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‘Common sense’ to align state property laws

‘Common sense’ to align state property laws

by Elyse Perrau 3 comments

The peak real estate body is pushing for a national licensing system that would reduce operating costs for multi-state agencies.

Real Estate Institute of Australia president Neville Sanders said the harmonisation of state and territory property laws would make it easier for agencies to do business.

“It's just common sense that we align all our laws and harmonise on every aspect,” Mr Sanders told Residential Property Manager.

“If we had a harmonisation of property laws and a national licence, all the impediments for people expanding business, people shifting interstate or agencies near borders would be reduced.”

Mr Sanders said the differing licences and laws can affect landlords just as much as property managers and principals.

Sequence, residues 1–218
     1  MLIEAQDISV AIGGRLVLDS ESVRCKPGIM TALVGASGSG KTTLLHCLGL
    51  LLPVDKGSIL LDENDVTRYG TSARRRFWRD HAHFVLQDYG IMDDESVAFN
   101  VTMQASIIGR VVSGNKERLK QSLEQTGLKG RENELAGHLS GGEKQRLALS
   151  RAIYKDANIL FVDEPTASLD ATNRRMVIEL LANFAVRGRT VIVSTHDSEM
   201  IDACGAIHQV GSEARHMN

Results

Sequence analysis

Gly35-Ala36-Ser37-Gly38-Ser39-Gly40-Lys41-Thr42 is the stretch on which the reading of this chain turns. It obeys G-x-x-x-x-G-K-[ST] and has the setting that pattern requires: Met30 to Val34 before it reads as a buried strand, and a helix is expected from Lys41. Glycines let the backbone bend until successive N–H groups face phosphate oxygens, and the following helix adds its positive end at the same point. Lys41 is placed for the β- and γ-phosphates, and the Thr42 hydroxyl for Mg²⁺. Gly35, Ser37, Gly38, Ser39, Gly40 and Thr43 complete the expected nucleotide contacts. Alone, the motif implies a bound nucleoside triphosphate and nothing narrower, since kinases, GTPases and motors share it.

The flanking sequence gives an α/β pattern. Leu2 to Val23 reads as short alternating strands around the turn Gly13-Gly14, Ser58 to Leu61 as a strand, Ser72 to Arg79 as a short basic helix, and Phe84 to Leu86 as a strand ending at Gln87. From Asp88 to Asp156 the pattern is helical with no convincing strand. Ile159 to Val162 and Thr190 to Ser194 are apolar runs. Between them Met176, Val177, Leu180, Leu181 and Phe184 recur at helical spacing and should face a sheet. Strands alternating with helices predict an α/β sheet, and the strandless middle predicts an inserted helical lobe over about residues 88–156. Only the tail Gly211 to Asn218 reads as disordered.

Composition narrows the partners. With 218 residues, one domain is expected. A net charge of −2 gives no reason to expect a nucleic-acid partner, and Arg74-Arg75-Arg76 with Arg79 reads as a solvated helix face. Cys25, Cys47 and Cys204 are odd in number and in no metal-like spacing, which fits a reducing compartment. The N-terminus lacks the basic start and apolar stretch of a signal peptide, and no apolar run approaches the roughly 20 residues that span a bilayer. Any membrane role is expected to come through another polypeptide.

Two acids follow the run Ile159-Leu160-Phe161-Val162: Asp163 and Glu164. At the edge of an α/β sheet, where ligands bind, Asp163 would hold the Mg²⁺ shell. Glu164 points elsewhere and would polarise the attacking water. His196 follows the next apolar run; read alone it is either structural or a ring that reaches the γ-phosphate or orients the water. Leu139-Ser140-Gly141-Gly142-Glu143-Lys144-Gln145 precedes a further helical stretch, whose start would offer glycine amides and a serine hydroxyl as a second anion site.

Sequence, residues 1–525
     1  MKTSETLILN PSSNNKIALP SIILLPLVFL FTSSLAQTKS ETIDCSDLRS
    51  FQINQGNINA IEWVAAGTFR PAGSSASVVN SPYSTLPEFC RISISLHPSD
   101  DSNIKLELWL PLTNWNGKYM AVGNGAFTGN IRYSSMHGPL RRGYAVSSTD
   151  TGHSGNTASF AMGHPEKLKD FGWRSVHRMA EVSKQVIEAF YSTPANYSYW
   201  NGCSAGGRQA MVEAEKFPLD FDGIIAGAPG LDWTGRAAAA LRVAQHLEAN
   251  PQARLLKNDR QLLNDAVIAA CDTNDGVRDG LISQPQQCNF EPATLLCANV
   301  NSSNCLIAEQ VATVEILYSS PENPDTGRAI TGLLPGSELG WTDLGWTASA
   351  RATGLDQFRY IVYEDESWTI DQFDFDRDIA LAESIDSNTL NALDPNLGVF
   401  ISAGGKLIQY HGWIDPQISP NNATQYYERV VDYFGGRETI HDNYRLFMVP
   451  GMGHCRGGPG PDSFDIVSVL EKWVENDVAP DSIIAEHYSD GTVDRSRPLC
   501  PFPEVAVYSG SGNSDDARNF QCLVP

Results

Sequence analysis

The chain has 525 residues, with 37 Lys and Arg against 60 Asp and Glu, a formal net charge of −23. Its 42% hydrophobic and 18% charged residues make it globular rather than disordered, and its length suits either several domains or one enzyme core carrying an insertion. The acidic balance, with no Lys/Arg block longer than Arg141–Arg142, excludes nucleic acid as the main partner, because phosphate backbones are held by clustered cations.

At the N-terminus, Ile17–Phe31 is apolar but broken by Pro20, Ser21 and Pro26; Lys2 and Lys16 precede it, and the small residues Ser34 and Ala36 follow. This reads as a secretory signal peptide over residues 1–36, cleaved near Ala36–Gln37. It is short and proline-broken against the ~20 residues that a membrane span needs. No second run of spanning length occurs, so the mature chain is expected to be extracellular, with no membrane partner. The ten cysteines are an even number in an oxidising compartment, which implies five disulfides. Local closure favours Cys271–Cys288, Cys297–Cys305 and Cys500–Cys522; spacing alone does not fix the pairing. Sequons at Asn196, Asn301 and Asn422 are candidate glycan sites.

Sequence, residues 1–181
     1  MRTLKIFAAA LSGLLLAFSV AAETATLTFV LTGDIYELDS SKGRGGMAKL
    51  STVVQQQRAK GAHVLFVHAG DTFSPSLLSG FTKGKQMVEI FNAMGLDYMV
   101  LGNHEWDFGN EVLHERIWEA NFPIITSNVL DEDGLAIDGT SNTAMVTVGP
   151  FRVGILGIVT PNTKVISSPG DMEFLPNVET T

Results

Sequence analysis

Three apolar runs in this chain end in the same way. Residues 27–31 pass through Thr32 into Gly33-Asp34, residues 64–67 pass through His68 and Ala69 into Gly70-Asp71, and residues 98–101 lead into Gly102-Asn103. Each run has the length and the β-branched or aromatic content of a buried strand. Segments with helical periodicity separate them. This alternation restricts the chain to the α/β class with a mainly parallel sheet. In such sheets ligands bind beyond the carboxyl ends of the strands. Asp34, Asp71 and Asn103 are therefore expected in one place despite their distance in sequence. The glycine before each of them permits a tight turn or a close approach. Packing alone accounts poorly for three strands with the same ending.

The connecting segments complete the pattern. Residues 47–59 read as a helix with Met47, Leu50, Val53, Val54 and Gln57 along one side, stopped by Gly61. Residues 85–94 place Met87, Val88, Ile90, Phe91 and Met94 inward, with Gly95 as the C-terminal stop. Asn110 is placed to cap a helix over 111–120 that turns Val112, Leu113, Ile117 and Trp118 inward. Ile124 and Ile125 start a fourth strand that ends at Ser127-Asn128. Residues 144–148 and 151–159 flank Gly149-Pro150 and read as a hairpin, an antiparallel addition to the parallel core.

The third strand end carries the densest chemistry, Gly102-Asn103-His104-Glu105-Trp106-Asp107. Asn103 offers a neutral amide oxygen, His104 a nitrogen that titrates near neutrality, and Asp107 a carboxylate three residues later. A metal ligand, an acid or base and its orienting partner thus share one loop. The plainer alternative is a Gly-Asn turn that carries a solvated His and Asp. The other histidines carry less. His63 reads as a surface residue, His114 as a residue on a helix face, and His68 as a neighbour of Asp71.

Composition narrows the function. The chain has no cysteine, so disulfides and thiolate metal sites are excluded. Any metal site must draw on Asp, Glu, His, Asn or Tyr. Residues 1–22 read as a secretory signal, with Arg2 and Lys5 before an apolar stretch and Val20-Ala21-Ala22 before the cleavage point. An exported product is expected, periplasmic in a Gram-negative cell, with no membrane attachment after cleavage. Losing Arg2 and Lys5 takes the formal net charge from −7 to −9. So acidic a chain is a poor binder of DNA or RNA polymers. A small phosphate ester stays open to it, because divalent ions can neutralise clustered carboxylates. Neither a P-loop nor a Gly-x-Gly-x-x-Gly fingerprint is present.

“Many property managers will tell you a story of talking to a landlord or tenant who says ‘I have this right’, and they have to say ‘Oh, you might in another state but not in this one’,” he said.

Mr Sanders said harmonisation is a constant topic of discussion for the REIA board, although he couldn’t put an exact time  frame on when it might occur.

He did say it would take a lot of resources from each of the states and territories to bring national licensing and law standardisation to fruition. 

Kasey McDonald, a former director of a Coolangatta agency, said it was very difficult and expensive running a business on the border of Queensland and New South Wales.

Ms McDonald, who is now a BDM for LJ Hooker Paradise Point and a trainer for BDM Academy, said she had to use different trust accounts and bank accounts for each state.

In regards to software systems, Ms McDonald said the business also had to have two separate databases, which made identifying a client when they called in difficult. 

“You had to ask them ‘Oh, sorry, are you in NSW or are you in Queensland?’” she told Residential Property Manager

Ms McDonald said national standardising should include staff registration certificates as well as principals’ full licenses.

“Because the legislation in regards to the residential tenancy acts are so different in every state, that means that staff still have to apply for a certificate in all the other states,” she said.

 

‘Common sense’ to align state property laws
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